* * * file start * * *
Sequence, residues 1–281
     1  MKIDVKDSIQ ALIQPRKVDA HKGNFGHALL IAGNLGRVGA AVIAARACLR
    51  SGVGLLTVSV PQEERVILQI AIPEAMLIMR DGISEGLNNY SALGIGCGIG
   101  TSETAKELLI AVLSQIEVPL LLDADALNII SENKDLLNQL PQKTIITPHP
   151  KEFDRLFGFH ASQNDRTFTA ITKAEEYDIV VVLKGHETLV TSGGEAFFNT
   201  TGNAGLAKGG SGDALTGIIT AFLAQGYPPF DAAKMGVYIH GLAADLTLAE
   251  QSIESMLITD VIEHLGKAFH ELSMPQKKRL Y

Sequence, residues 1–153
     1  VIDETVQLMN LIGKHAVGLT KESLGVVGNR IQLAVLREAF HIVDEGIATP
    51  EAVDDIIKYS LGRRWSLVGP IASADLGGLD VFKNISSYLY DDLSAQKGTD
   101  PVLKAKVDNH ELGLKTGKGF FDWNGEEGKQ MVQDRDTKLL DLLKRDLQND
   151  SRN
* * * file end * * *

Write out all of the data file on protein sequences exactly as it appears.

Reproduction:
Sequence, residues 1–281
     1  MKIDVKDSIQ ALIQPRKVDA HKGNFGHALL IAGNLGRVGA AVIAARACLR
    51  SGVGLLTVSV PQEERVILQI AIPEAMLIMR DGISEGLNNY SALGIGCGIG
   101  TSETAKELLI AVLSQIEVPL LLDADALNII SENKDLLNQL PQKTIITPHP
   151  KEFDRLFGFH ASQNDRTFTA ITKAEEYDIV VVLKGHETLV TSGGEAFFNT
   201  TGNAGLAKGG SGDALTGIIT AFLAQGYPPF DAAKMGVYIH GLAADLTLAE
   251  QSIESMLITD VIEHLGKAFH ELSMPQKKRL Y

Sequence, residues 1–153
     1  VIDETVQLMN LIGKHAVGLT KESLGVVGNR IQLAVLREAF HIVDEGIATP
    51  EAVDDIIKYS LGRRWSLVGP IASADLGGLD VFKNISSYLY DDLSAQKGTD
   101  PVLKAKVDNH ELGLKTGKGF FDWNGEEGKQ MVQDRDTKLL DLLKRDLQND
   151  SRN